In an ideal world, we’d all have the things we need, exactly how we need them, obtained by working together in consumerist harmony.
In reality, sometimes we buy the wrong thing. Or we buy the right thing, but it’s broken. Or the thing we bought never comes at all. Put simply: Sometimes we have to get in touch with customer service.
In the digital age, there are many ways to do so: There are “live chats,” email addresses, chatbots and phone numbers, all at our disposal to attempt and rectify the situation. It’s good news! And yet, far too often, it’s easy to forget that there’s another human person on the other end of that chat or 1-800 number.
Customer service calls can be… charged, to put it lightly. But as the old adage says, you catch more bees with honey than vinegar. The same rings true in customer service scenarios, in which you, one person, are typically connected to another person ― who could be handling any number of other issues.
“Customers should understand that their ticket is not the only one an agent is working on, Chad Ramsey, CX manager at Promix Nutrition, told HuffPost. “It’s understandable that to a customer, their issue may seem like the most urgent issue. But we are actively putting out other fires.”
There’s no hard and fast way to make the customer service experience more effective (aka, getting what you need – quickly). But there are some things to keep in mind that might help things go your way and create a more pleasant experience for everyone.
Resist the urge to DM.
These days, brands are ever-present on social media, blurring the lines between employees and the company they work for. That rings especially true for small business owners, who are the face of the brand and the brand itself.
Julie Mollo, a Brooklyn-based designer who makes custom clutches, told HuffPost that when you’re having an issue, sliding into a brand’s DMs, which often get “lost in the shuffle,” is not advised.
“Email. Do not DM, it makes everything messy,” she said. “Running a small business and having a public-facing profile where I am the face of the brand, people think I’m available to them like a friend would be ― and I appreciate that. But when it comes to customer service, you don’t want order issues mashed in with reactions to a vacation. Keep everything in one place. If you’re able to reply to your order confirmation, so that everything stays in one thread, great. If not, please refer to the contacts on a given website for specific customer service issues.”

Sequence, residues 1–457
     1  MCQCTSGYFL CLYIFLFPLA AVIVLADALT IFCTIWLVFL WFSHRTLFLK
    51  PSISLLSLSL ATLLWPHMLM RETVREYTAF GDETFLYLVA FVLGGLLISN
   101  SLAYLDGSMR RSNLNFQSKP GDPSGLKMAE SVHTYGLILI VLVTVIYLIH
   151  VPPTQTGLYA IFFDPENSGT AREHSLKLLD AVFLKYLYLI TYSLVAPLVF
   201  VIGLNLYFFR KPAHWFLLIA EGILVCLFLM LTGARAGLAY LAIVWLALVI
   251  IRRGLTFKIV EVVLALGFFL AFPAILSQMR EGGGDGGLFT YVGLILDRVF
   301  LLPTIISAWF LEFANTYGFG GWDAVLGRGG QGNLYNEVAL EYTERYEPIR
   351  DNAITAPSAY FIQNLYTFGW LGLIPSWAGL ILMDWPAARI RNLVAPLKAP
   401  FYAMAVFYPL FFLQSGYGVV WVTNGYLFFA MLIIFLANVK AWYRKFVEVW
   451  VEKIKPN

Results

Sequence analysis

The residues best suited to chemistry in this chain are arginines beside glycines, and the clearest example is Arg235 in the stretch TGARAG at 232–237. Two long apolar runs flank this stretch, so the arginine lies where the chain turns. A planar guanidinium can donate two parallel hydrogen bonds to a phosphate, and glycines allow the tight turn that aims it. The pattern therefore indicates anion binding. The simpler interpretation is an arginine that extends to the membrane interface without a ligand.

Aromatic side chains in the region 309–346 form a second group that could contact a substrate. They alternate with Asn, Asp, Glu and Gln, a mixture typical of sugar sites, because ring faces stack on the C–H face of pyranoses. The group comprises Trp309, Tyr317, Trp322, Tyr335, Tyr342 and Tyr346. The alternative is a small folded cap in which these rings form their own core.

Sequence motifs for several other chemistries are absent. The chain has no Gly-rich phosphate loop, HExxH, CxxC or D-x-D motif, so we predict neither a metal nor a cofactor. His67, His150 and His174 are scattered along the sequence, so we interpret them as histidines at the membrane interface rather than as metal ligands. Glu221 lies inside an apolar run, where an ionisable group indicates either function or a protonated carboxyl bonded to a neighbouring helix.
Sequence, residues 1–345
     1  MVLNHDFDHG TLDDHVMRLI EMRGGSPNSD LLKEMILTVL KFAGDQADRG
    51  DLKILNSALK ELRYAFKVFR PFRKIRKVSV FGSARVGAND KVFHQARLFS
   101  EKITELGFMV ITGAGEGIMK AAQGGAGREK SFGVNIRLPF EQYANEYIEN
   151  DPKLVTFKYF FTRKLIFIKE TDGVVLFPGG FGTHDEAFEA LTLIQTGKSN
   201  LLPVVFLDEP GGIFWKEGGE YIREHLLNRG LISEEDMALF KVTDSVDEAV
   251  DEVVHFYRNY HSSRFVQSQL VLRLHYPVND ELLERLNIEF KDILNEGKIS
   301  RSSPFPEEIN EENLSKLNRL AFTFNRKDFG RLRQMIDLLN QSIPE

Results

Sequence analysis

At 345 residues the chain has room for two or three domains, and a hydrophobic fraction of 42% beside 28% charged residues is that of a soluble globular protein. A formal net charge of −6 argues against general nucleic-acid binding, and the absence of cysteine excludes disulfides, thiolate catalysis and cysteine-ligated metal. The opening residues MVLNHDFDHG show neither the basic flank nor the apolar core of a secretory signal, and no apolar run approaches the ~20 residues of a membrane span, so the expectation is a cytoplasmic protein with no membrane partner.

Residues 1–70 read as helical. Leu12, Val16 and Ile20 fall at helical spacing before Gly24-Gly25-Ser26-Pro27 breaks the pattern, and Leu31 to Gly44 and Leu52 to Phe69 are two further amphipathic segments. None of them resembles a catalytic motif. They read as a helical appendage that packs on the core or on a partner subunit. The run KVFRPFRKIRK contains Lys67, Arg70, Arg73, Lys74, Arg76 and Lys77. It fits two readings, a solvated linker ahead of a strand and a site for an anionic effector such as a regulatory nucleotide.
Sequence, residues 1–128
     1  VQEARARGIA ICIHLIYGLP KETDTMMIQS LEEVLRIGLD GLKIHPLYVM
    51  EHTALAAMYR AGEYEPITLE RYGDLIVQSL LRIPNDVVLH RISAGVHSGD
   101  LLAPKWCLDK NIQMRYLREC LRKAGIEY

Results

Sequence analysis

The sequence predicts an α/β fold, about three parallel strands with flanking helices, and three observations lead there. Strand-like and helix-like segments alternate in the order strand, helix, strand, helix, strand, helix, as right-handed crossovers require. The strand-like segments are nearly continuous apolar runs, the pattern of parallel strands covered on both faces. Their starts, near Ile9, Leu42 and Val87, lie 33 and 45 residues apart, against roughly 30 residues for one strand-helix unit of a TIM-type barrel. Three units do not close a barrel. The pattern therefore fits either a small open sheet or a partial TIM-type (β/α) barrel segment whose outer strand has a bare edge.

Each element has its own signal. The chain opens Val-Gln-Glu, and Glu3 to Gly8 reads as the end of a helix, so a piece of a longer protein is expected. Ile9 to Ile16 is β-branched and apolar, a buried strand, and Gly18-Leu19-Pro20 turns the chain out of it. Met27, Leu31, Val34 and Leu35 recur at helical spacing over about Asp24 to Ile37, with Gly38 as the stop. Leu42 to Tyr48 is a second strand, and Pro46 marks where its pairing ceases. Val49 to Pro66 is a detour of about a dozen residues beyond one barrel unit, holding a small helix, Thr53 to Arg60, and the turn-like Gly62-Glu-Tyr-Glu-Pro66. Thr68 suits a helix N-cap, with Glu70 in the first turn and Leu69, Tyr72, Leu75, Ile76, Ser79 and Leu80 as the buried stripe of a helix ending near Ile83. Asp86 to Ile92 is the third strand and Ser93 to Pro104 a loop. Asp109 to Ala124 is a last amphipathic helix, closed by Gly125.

In the era of online shopping, chances are the item you’re having an issue with was purchased online ― meaning there should be an order number or digital proof of purchase somewhere hiding in the mix of your inbox.
Ramsey stressed the importance of finding that number, along with any pertinent information, before picking up the phone. That information might include “steps to reproduce an error, screenshots or pictures,” or “anything that can help resolve the request,” he said.
He also suggested having other information handy, too. “If you’re the type of person that has several email addresses, let the agent know which one is tied to the account for a more prompt resolution.”
Treat small and large businesses similarly.
When you’re dealing with a huge corporation, it’s hard not to feel like you’re just screaming into the void with a customer service issue. When you’re dealing with a small business, it’s hard to remember that you’re not, in fact, the only person the business owner is dealing with at that moment.
Regardless of the size of the business, Mollo said it’s important to always remember to lead with kindness.
“Mistakes get made; don’t take it out on the representative,” she said. “I will get DMs, comments or messages somewhere about an issue, and you have to think ― is this how you would handle your Target order?”
Try your very best to stay calm.
Things can get heated pretty quickly on a customer service call, but losing your cool is, well, very uncool. Not only does it create a more stressful scenario for you and the person you’re talking to, but it’s also not an effective way to get your problem solved.
“Customer service is there to help as best as possible, but berating the agent that’s there to assist you will not lead to a prompt resolution and may even get you barred from doing business with a company again,” Ramsey said. “Explaining your situation in a clear, concise manner so that the agent can help will lead to the desired outcome.”
Most importantly, just be a person, talking to another person.
Ultimately, there’s no “secret code” to crack to get someone to do something you want. Or if there is, it’s not a secret. It’s just: Be nice. It certainly can’t hurt, and — who knows — you might even leave the interaction with something above and beyond what you asked for.
“We want you to be happy,” Mollo said. “Everyone makes mistakes, and everyone, even if they’re projecting a different viewpoint on social media, is going through something. Whether you’re dealing with the direct owner of a small business or one of many customer reps from a huge corporation, nobody wants an angry customer.”